When the time is right to move your aging loved one into a senior living community, there are many questions that you should ask the facility before you begin the process of relocation.

Of course, feedback and advice from friends or a reliable source can prove to be helpful. However, solely depending upon another family’s experience does not contribute the unique consideration that your family member deserves.

Every community provides a different level of care and service for its residents. Ensuring that your family member's needs are adequately met will require finding the most suitably fit accommodations.

That's where we can help.

The Right Move is a placement service that specializes in helping your family make the best residential decisions for your aging loved one. Our assistance is crucial for planning and guidance. At The Right Move, we understand that - at the end of the day - you are your family member's greatest advocate. Our goal is to help educate and provide you with the tools you need for the most effective decision making.

In order to do that, we have compiled a list of 15 questions that we consider "must ask" for any facility that will potentially be caring for your loved one.

1. How would you describe the ownership?

Take note of how many years’ experience he or she has in the industry. Also, the financial position of the organization, licenses and accreditation's, and the two most recent state survey results all render important insight. Inquire if there are any “tags” from state surveys and how those issues were addressed. If any remain, then you might want to reconsider this community as a viable option.

Ultimately, you are looking for a solid track record for care and service and a staple company to meet your standards.

2. How many residents currently reside in the community?

Although the number of units is important information, your goal is to discover how many of those are actually filled. If the occupancy rate is substantially low - assuming the community is not brand new - then look elsewhere.

Also, ask about the number of move-ins and move-outs per month to give you an indication of overall satisfaction.

3. What costs are involved?

You will want to be aware of any and all costs, fees, and charges. Common questions pertaining to costs include: Is there an entrance fee? Are there any upfront costs? What is considered an “extra” charge? What is the refund policy? How and when are fees increased? What happens if a family cannot afford the increases?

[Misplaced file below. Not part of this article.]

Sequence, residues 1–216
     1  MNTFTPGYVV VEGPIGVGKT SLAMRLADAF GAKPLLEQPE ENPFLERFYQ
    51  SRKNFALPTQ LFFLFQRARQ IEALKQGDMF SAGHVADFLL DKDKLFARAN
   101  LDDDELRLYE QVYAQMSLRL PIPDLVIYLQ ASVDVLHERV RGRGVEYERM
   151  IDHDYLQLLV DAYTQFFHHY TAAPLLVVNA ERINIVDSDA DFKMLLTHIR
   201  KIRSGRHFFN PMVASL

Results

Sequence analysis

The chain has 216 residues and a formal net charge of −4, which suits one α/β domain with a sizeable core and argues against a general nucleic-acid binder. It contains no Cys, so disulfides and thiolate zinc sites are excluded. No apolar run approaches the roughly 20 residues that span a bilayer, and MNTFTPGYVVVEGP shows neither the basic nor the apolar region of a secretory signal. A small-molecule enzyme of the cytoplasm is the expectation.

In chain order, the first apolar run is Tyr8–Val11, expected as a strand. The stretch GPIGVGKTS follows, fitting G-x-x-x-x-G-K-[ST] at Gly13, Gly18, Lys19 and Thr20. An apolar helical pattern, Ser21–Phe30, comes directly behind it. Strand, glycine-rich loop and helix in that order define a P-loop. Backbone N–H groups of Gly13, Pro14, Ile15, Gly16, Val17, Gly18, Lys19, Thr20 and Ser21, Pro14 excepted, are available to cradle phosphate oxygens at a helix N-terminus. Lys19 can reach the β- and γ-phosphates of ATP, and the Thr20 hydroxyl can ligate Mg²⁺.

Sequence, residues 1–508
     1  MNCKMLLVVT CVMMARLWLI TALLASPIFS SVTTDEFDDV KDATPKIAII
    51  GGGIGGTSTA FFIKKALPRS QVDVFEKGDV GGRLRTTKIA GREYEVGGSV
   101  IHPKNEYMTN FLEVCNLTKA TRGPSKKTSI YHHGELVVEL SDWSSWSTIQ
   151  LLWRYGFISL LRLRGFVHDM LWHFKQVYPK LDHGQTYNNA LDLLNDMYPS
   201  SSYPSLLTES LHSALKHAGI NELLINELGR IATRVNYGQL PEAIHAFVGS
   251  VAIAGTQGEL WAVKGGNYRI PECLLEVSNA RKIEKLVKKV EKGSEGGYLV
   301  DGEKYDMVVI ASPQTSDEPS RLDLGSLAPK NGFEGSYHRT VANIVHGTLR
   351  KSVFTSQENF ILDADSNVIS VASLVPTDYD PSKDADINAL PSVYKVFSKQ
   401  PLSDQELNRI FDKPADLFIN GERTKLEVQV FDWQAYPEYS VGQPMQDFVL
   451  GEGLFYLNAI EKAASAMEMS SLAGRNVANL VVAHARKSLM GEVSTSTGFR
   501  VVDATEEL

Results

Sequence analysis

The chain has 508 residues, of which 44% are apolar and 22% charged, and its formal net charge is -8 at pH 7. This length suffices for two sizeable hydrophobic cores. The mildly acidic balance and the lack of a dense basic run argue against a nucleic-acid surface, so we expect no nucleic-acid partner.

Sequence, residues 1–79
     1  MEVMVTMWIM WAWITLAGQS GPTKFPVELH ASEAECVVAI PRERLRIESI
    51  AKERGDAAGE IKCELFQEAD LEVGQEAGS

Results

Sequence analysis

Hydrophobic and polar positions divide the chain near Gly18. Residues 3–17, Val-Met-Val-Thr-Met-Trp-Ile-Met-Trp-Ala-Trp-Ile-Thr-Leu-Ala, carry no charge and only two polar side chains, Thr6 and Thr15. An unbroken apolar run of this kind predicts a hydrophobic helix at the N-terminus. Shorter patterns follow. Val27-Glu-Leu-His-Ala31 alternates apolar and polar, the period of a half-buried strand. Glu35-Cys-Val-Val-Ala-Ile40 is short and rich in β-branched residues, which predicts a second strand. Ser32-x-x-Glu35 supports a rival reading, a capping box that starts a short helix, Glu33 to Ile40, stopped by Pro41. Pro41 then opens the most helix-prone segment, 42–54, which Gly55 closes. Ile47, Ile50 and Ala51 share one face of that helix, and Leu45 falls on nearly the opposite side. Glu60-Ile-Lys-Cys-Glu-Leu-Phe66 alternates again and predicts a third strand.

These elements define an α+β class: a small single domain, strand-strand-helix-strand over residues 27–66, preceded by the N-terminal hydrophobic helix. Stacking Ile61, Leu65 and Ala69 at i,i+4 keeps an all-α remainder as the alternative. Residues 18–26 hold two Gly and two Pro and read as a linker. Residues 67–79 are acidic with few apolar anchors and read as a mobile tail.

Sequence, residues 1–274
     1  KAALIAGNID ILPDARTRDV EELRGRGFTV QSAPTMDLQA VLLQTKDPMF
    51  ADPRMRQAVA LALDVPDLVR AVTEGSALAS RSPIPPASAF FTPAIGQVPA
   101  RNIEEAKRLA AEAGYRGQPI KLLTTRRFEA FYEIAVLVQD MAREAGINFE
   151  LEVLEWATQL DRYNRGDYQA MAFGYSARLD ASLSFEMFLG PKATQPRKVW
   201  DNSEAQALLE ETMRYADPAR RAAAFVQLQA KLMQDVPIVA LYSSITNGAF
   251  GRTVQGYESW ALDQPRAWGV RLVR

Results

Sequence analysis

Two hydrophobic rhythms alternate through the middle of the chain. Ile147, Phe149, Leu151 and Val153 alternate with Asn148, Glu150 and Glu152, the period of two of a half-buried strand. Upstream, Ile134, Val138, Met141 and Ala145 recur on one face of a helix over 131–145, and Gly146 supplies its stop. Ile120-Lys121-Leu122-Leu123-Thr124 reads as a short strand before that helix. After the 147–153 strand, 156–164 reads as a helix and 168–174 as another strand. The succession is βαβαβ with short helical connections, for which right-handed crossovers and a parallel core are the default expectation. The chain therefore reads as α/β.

Obtaining specific cost-related information should occur before signing any admission paperwork.

4. How often are residents’ needs assessed?

A senior’s health condition inevitably changes over time; therefore, periodic assessment is necessary. Find out how the community handles these changes.

5. What qualifications do you require of your staff?

Ask what credentials are required, if background checks are performed, and if any elder abuse and neglect inservice education is given.

6. Does the community allow specialized services (home health, hospice etc.) to come in and care for the resident?

If not, find out how the care is delivered and by whom. In the event of an injury, ask how that situation would be handled.

Also, how are medications administered? Is there a professional nurse on the premises? Find out the medical schedule.

7. How are meals prepared and what is the meal schedule?

Special diets might be available. Inquire if exceptions can be made. Is there a kitchen area provided in the unit? If not, can food be kept in the unit?

8. Are residents allowed to bring their own furnishings?

If this is something that you need to know, then find out if renter's insurance is required to cover personal belongings. Also worth asking: how large is the unit?

9. What activities are available on site?

In addition, inquire about accessible outdoor space. Keeping your aging loved one engaged and active is important.

10. What is the policy for visitors?

Ask if the resident can have pets live in the residence or if visitors can spend the night in the unit.

11. Do residents participate in decision making, as they pertain to community policies?

If not, find out if any exceptions can be made.

12. Who is responsible for unit maintenance and clean up?


13. What kind of security systems are in place?

Common security areas include: the resident’s unit, bathrooms, or the kitchen. This would also be a good time to ask what the fire emergency plan is for the community.

14. What is your policy for pre-existing conditions?

Some communities have restrictive policies that might be in your best interest to know in advance.

15. What is the staffing level?

  1. Determine whether there is adequate staff. Specifically ask about staff availability between midnight and 7 a.m.

The answers to the questions above should provide comprehensive insight into the community in which you are inquiring. After all, this is one of the most important decisions that you will help make for your aging loved one. Hopefully, once the research and interviews have been completed, you can rest assured that your most basic, underlying concern has been resolved: Mom or Dad will be happy here.

That is our hope for you. Consider letting us, at The Right Move, help your family obtain that peace of mind.